He’d come to a dead end. On the other side of a cyclone fence, a railroad trestle drew a faint charcoal line through the darkness; behind him, the residential homes with their pristine lawns and carefully tended hedges seemed to have been dropped into that devastated landscape from some other part of the world, perhaps from someplace where disaster didn’t seem quite so imminent. Kachenko threw the truck into reverse, and he nearly backed into a garbage can as the Suburban bounced in and out of a massive pothole, or maybe it was a sinkhole, Christ, Kachenko wondering he hadn’t snapped an axle.

As he turned, his headlights swept a DETOUR sign with an arrow pointing to the left.

Kachenko signaled—one had to retain some sense of order in the midst of so much chaos, after all—and he piloted the SUV onto an empty boulevard named for some dead French king (one of the Louies, he would remember later). After he’d gone three blocks, he understood this detour would be interminable: though he scanned the near distance for another orange sign that would point him back to the path he’d been on, setting him on the way to downtown New Orleans, he knew he would never find it.

He pulled to the curb, and he punched the same set of coordinates into the GPS. Orange barrels marked the periphery of the construction zone; he had to drive the wrong way down a one-way street to escape the subdivision. Recalibrating, the GPS repeated in a bland voice that nevertheless seemed to excoriate him for having failed to obey its directive. Signaling, he turned, and he drove toward the center of the city at exactly five miles per hour over the speed limit; under the streetlights, he glanced at the gun on the seat beside him.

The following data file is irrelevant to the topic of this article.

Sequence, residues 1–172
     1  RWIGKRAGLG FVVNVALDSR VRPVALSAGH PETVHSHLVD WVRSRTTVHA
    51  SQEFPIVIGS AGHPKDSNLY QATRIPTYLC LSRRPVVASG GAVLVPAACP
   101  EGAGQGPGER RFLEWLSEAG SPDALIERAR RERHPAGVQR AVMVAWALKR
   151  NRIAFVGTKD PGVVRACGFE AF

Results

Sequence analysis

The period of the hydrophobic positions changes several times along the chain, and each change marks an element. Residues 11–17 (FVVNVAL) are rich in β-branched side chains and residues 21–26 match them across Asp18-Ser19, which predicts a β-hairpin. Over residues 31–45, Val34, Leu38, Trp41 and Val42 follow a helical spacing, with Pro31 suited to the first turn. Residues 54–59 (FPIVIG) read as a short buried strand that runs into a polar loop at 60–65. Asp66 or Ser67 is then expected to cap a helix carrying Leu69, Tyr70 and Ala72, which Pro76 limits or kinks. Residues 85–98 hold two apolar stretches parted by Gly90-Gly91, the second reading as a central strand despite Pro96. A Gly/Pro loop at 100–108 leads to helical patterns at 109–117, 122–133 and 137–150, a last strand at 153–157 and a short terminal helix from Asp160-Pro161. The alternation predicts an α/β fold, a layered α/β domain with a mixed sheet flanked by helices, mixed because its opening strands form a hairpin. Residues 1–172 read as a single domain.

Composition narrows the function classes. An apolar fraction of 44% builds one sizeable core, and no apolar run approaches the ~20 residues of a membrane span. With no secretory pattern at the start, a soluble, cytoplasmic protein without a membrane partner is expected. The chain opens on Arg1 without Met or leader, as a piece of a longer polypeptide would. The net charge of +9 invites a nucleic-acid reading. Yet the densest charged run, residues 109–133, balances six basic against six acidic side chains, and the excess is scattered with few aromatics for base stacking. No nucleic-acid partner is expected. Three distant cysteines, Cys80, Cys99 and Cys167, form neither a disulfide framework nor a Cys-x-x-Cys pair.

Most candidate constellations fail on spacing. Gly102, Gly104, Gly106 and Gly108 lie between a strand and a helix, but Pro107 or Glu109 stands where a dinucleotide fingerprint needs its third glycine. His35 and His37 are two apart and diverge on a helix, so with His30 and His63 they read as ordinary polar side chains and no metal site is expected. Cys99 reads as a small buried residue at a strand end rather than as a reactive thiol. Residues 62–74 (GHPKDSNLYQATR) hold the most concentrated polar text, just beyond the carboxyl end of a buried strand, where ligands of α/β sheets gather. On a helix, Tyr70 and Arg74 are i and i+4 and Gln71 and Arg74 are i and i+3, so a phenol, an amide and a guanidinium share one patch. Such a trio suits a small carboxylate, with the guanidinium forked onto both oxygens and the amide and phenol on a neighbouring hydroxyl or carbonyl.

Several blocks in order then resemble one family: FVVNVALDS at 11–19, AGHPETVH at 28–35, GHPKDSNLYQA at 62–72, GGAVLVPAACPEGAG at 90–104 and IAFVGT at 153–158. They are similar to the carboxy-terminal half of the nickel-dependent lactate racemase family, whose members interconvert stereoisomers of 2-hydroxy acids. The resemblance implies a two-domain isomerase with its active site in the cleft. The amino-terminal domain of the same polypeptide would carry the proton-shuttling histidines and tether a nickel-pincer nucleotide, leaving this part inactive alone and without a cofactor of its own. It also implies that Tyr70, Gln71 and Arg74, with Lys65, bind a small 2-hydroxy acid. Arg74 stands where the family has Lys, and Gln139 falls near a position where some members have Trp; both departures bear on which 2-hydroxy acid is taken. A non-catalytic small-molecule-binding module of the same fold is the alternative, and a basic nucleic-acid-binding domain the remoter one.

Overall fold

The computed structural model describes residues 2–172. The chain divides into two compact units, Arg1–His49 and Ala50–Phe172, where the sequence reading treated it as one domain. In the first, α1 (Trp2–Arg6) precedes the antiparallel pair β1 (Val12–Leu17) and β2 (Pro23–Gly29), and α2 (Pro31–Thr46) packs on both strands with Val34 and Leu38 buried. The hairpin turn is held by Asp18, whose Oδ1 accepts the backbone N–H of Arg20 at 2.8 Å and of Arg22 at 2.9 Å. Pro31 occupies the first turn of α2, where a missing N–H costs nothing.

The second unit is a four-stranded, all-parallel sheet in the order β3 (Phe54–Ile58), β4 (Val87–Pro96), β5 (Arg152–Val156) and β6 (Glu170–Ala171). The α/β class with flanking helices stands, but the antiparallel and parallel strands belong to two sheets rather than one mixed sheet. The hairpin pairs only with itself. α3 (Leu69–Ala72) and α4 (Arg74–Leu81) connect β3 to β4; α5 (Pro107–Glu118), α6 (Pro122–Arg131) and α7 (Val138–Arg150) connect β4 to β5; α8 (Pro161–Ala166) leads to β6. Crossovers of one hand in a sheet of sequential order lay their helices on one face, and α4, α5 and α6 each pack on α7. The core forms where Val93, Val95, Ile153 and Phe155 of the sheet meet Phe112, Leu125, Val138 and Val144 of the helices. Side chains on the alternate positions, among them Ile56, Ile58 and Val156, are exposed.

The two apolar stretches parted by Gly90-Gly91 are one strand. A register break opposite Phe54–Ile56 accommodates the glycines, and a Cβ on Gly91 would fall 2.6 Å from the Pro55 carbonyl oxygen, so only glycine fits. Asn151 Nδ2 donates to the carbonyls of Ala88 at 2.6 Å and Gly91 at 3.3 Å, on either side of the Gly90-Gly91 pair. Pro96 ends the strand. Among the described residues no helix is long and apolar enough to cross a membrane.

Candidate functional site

He parked several blocks down the street from the hotel and convention center on Poydras, which was clogged with yellow cabs. Stuffing the gun in his trousers, he adjusted his suit coat to cover it, and he locked the Suburban, which chirped, flashing its lights. The Wyndham rose from Poydras in a pillar of light. Approaching on foot, Kachenko thought he saw that familiar white hat enter the hotel between the marble columns, though he couldn't be certain.

Inside, the concierge, a bald-headed man of about fifty, asked if he could take Kachenko’s bags.

“I don’t have any bags,” Kachenko said, his eyes scanning the crowd over the other man’s shoulder for that white hat, trying to glimpse the banquet hall through the massive doorway at the other end of the lobby.

“Perhaps I can help you in some other way, sir?” The concierge leaned closer, trying to catch Kachenko’s eye, barring his passage. “You are staying at this hotel, I presume?”

Kachenko fixed on the man’s small black eyes. A hooked nose protruded from the concierge’s face like a beak; he’d already reached the age where his ears and his nose had begun to outgrow the rest of his face. Though he stood several inches taller than Kachenko, they had roughly the same build.

“Yes, please,” Kachenko said, wringing his hands. “I only meant I needed your help. Come this way, please…”